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Bike for climbing hills

Old 07-18-08, 10:43 AM
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supton
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Bike for climbing hills

I wouldn't call this mountainous terrain around here, but there are plenty of short steep hills it seems. I figure it's good training. But we just had a kids bike trailer given to us, and I'm tempted to try to bike more while pulling the kids. That's the rub: our mountain bike is a bit too small (which makes it good for trails), and is not what I enjoy cranking up a hill. Especially while standing. And it's a bit worse for wear anyhow. Would something like a Surly LHT (or similar; a road bike but meant for loaded work, with wide gearing and moderately wide tires) be much better for road riding?

I've toyed with using my current road bike, but between the skinny tires which would totally not work in dirt and lack of truly deep gearing, I've not bothered. 25mm tires w/no tread, while pulling a trailer around anything other than pavement? Deepest gear is about 32 gear inches (30x25, 700c rims). The MTB goes down to 22 gear inches (24x28), which I haven't used yet, but I've been standing in the 30 gear inch gear to climb hills already. Besides, it's my fast bike, so I really don't want to mess with it. Everyone needs more than one bike, right?
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Old 07-18-08, 10:56 AM
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Originally Posted by supton View Post
....Everyone needs more than one bike, right?
Yes, everyone needs more than one bike. I've built some very strange looking bikes, in an attempt to make an all purpose bike.
I've currently got a mountain bike, retrofitted with BMX handlebars and riding on 26"x2.125" slicks,
A semi recumbent bike with a fiberglass cargo box, which I use as a Utility bike,
A BMX with a 1982 Suzuki GS fairing with two 50 watt headlights, 4 marker lights and 4 directional blinkers. And I replaced the rear hub with a 3-speed.
And I've got an Electric Bike with front and rear baskets that I use for grocery shopping.
I've also got a Nordic Trac fitness bike and an automatic transmission Autobike, that I don't use but I figured they'd be collectors items someday.

What I don't have is a road bike. I had two road bikes, but my Mother gave them away to the Mexican landscapers. They were cheap "sport touring" bikes, neither good for racing nor touring.
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Old 07-18-08, 01:35 PM
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J.C. Koto
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You seem to be looking for an excuse to buy a Long Haul Trucker. If so, than just do it! (Even if you have to sell the kids and ditch the trailer J/K)

...If not, pretty much any bike will do, provided it has a low enough gear, and toe clearance to avoid any toe overlap on those tough hills ("whatcha sayin, Willis"). If I were you, and since you need to hit those hills, I'd look for something that has a generous mountain triple and long(er) cranks. This will give the double-whammy leverage advantage for nailing those steep hills with the trailer and kids. My MTB has short cranks, and I never realized how much I really hate them until I got my LHT.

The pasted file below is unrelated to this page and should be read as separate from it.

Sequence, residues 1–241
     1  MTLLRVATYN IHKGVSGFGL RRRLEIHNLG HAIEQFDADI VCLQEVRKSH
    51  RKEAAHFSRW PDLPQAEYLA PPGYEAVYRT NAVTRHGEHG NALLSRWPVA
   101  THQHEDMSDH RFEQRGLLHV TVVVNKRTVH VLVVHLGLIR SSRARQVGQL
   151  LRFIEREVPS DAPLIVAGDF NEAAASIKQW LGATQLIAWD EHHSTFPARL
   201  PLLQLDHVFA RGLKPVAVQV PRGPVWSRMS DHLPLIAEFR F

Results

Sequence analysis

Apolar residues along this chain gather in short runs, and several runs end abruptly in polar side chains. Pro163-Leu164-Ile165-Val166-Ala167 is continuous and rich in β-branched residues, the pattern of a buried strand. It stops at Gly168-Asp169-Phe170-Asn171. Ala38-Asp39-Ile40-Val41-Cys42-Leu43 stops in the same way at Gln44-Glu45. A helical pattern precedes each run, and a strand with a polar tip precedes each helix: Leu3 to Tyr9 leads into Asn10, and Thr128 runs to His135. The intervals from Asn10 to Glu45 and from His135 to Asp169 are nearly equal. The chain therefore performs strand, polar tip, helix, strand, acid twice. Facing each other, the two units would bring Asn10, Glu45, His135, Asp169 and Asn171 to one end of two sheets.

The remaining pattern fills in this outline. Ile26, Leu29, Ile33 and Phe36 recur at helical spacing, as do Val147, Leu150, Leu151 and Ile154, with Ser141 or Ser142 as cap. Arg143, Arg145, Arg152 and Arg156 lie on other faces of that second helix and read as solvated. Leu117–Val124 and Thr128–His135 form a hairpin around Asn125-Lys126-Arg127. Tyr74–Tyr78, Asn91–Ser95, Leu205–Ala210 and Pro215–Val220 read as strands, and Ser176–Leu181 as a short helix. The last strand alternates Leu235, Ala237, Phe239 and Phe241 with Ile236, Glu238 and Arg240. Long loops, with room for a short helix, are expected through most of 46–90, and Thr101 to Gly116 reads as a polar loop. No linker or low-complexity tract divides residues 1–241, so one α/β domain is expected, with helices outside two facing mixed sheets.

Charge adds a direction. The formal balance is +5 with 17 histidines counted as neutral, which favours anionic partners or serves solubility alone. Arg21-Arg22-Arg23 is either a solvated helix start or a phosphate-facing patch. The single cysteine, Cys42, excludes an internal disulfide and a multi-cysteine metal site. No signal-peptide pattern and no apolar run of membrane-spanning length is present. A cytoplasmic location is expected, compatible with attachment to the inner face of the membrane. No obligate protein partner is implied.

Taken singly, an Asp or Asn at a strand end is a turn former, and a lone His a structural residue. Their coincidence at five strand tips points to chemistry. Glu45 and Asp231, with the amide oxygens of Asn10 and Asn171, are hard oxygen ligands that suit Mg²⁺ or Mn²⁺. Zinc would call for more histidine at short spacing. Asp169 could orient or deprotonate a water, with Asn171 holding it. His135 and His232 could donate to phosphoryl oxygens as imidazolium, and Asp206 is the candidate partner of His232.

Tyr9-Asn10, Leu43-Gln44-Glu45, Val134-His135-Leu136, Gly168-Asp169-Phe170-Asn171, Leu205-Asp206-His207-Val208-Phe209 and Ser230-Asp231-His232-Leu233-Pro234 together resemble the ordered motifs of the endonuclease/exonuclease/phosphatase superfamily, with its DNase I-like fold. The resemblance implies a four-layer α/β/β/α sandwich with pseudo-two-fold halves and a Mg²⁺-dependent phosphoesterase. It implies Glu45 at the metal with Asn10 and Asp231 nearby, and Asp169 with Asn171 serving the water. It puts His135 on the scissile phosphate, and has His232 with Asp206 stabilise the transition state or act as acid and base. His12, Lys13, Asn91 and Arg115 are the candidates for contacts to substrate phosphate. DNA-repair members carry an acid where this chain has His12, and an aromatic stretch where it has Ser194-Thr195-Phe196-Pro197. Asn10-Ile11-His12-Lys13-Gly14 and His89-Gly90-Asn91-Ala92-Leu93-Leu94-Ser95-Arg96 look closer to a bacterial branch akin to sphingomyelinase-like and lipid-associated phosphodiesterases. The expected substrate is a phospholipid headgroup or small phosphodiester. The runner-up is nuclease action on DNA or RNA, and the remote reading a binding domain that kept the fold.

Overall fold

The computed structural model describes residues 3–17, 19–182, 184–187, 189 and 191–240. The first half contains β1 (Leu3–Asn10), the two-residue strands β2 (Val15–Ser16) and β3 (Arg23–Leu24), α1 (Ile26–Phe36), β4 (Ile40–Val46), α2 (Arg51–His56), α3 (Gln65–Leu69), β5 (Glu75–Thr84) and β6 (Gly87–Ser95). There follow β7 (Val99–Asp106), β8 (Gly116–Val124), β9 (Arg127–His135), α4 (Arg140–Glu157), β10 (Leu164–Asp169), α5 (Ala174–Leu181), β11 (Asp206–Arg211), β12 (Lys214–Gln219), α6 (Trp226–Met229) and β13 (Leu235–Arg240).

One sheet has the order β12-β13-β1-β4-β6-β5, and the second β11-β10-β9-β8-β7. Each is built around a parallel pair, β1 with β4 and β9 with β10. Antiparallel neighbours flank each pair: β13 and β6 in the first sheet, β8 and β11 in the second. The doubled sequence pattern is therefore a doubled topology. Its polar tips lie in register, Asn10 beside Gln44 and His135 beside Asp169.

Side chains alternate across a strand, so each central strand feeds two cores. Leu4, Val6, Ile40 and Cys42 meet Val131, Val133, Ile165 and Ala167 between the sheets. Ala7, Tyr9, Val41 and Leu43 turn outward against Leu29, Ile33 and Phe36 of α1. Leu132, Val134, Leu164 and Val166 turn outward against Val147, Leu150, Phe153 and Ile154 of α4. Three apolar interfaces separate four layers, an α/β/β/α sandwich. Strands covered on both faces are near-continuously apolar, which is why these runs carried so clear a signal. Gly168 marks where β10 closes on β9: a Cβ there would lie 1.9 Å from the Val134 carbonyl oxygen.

One thing to keep in mind: some hills are literally impossible to climb with a load, unless you have enough momentum. Too low a gear will spin out, and too high will require *way* too much torque to even think about pedaling. I don't know how steep and what terrain you have there, but it's something to think about. Especially with kids in the back.
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Old 07-19-08, 12:11 PM
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supton
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I originally thought about an LHT before I got my Pilot--so it's still high on my list.

The hills are short but seemingly steep. And often there seems to be one every 5 minutes. One of these days I'm going to get an inclinometer--I saw one at Home Depot--and try measuring, for the fun of it. You know, stop half way up, take a measurement or two. When I've looked on mapmyride, it seems most are 3-5%, but I suspect they are too short for it to show up properly. At any rate, there are times when I feel like standing on my regular bike!

I did some mapmyride mapping in the past, and my "flat" ride, 20mile round trip, had something like 800 or 1000' of climbing. I'd like to take the trailer on that sometime, as there are some reasonably flat sections, and a really nice shoulder. For reference, my 26mile "hilly" ride came in at 1800', including one hill with an 8% warning on it (which shows up after a couple miles of 3%). Doesn't seem like much, but by golly, I wore myself out today doing on my unloaded road bike.
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Old 07-19-08, 02:40 PM
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It's going to depend on how fast you want to get up those hills. On a light road bike on which you are properly-positioned, you can go up hills faster than you usually can even on an unloaded touring bike. A touring bike is meant for going up hills just the same, except that the emphasis is on low gearing. Low gearing gets you up the hills easier, but slower. But if you're going to be pulling any kind of trailer, I don't think you have much choice but to get a bike that has very low gearing. This won't usually be even a road bike that comes with a triple (these are usually racing triples, not touring ones). The gears aren't low enough for touring type riding.
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